Interesting guide here.
The best defence against libel is obviously never to state something as fact but always as opinion.
\”It is my opinion that Ed Millipede rogers pre-pubescent children nightly\” is not defamatory: well, not to Ed Millipede although it might well bring my own sanity into question.
Other than that, read the guide.
I have in fact been accused of libel on the earlier version of this here blog. Some music manager over in the US had been accused of rogering his boy band nightly (by the members of that boy band).
Not privileged (it wasn\’t, for example, an accusation made in court proceedings or a legislature, in which case you can report it) and so, yes, potentially a libelous statement.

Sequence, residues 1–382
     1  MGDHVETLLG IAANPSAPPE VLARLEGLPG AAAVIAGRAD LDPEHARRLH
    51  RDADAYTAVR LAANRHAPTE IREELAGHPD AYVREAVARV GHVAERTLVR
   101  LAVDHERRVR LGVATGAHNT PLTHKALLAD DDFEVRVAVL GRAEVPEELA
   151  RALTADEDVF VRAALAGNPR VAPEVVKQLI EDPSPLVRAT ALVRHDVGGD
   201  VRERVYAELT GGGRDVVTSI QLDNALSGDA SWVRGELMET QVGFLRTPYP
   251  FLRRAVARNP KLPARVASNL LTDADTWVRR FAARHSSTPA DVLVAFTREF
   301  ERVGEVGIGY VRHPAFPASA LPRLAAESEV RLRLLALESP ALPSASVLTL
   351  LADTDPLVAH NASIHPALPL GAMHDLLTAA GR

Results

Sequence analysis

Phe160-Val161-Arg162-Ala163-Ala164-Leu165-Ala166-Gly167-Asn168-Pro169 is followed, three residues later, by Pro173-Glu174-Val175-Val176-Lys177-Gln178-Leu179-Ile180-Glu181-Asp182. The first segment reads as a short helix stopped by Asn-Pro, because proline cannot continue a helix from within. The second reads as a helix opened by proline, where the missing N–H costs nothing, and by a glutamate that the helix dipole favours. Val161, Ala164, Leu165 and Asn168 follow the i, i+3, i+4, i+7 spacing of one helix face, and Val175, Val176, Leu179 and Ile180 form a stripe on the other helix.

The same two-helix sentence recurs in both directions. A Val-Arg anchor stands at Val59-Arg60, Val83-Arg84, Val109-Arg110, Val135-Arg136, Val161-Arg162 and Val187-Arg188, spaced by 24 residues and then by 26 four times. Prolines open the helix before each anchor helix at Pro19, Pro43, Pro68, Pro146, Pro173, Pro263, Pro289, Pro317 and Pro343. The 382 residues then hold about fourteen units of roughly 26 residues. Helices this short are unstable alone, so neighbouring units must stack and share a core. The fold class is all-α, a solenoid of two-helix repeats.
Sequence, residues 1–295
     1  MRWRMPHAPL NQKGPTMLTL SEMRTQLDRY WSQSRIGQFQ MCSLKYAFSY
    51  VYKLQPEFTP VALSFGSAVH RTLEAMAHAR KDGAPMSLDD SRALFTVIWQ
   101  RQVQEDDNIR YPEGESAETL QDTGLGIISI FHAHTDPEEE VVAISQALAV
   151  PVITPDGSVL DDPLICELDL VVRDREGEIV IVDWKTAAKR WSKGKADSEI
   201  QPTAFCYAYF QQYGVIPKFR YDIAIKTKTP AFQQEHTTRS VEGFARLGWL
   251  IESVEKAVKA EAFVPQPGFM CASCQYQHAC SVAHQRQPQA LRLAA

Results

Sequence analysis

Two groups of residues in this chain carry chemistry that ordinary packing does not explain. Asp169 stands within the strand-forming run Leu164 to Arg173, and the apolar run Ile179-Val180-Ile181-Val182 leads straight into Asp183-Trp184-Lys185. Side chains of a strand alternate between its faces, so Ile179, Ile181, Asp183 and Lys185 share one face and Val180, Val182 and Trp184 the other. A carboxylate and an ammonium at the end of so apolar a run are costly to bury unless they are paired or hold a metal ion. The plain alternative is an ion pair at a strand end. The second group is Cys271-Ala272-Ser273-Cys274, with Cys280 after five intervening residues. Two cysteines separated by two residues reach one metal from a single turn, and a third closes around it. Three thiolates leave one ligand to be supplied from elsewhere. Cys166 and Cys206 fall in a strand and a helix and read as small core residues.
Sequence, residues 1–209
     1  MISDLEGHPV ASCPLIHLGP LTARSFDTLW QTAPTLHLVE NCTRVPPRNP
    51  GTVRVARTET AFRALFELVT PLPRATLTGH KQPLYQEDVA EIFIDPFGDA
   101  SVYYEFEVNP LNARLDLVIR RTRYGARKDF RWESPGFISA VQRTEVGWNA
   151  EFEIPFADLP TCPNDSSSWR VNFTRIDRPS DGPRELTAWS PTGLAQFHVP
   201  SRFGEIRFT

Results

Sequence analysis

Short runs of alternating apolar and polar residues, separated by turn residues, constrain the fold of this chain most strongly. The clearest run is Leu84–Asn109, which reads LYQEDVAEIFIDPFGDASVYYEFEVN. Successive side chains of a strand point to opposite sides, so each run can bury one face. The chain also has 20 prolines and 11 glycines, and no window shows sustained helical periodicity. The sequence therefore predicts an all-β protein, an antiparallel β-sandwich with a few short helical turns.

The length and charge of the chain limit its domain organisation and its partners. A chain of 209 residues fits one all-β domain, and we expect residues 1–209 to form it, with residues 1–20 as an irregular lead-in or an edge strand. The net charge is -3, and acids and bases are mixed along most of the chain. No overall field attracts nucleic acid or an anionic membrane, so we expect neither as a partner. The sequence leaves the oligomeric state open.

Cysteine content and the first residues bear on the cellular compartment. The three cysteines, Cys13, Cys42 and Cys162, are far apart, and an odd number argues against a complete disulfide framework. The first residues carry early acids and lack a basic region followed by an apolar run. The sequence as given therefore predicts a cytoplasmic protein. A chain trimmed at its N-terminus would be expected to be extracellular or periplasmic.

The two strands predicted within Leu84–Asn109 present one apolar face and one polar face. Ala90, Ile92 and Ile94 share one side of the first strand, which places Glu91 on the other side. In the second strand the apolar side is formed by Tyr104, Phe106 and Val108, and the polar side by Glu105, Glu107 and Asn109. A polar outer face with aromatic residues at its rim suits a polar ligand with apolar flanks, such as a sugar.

However, given that said manager was clearly trying to cover his tracks (well, unless US lawyers are even more illiterate than I had thought, given the \”lawyer\’s letters\” he sent me) rather than actually instigate a libel case against me, I refused to take the offending article down.
Until the manager offered me money to do so.
Yup, bribery works around here. £400 to unpublish a blog post sounded very reasonable in fact. Especially since the original source I had lifted the story from was still online in all its glory.